October 25, 2016
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After Protests, Education Activists Strategize


New America Media, News Feature, Nadia Prupis, 

OAKLAND, Calif.--Ten days after statewide actions against tuition hikes and budget cuts to California’s schools and colleges, a group of activists gathered during a day-long session of planning and strategizing the next steps.

Some 30 student leaders, professors, and organizers gathered at the School of Unity and Liberation (SOUL) in Oakland, to talk about action beyond the protests, comprehensive education reform, and how to build on the momentum of statewide protests for the future. SOUL was founded in 1996 during protests against UC Berkeley’s plans to cut affirmative action measures. Every Sunday, organizers meet there to discuss campaigns and strategies.

Aaron Buchbinder, a second-year grad student at San Francisco State University, is one of those organizers. He will graduate this spring with a Master's in social work, but his concentration, Social Action and Change, is in danger of being cut. Buchbinder, helped lead a protest in San Francisco as a member of the Students Faculty Staff United coalition on his campus. His agenda included discussion of alternatives to the budget cuts and ways to galvanize the student body.

“At SOUL, we're inspired by the mobilization towards educational justice,” said lead trainer Nefertiti Altan. “We wanted a space for people to reflect. How do we keep this momentum going? How do we continue that movement?”

Educational activism at SOUL includes a short history lesson and a look at current issues and problems. Kim Geron, professor of political science at Cal State East Bay, noted that the effort to create education in this nation was “a huge fight.

“Harvard opened as an elite university before elementary schools were established,” Geron said. “And the initial push for public higher education was meant for white middle class students.” In the late 1960s, Geron explained, activism focused on expanding admissions to public universities. Today, Geron said, accessibility is still an issue, but affordability comes first.

Liz Hall, executive director of the University of California Student Association (UCSA), said that California has broken the promise of a free public higher education, which was made in the state’s master plan in 1960. “The reality is that those promises were not made to young people in the state of California today,” Hall said. “Those promises were made to a white middle-class demographic. And it's no accident that as our demographics have changed, public policy has also changed.”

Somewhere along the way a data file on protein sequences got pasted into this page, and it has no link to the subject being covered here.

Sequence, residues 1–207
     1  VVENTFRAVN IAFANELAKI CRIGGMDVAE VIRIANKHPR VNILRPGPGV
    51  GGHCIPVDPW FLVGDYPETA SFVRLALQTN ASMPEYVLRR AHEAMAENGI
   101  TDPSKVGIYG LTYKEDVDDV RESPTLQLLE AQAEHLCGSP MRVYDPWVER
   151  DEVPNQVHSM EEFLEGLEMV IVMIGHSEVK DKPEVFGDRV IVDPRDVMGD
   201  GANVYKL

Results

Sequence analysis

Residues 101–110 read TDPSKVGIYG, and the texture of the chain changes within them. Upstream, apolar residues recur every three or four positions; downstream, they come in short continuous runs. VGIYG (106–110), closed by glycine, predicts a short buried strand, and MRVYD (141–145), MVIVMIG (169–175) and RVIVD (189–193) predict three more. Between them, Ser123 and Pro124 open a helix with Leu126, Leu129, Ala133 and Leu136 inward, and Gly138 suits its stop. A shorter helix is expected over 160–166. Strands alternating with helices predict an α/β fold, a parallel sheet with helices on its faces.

In California's current economy, Hall said, a free public education is impossible. The priority is to keep students from dropping out of school this year and to continue promoting reasonable solutions to tuition increases. “We're not being shy about what we're asking for,” Hall said.

The UCSA supports Assembymember Alberto Torrico’s proposed bill AB 656, which would tax oil extracted in the state for a Higher Education fund. Such a tax could generate $1billion a year, according to Torrico. 

Another proposal would impose a fee of $32 per state income tax return, which would provide enough funding to roll back tuition and fees to 2000-2001 levels, adjusted for inflation, and open educational opportunities for more than 40,000 students.

UCSF Professor Stanton Glantz, who analyzed the proposal, said that the $32 figure could decrease depending on the number of people on the tax return. “The discussion on taxes has been very abstract,” he said. “No one before us had figured out what it would cost to actually fix the system. The answer is: not much for most people.” 

Buchbinder emphasized that university students need to work in coalition with other groups facing budget cuts, and mentioned that the SFSU Stay in School Family Resource Center was in danger of losing its funding.

“The first cuts are always to marginalized groups, but there is no solidarity between them,” he said. “Building that coalition is challenging.” 

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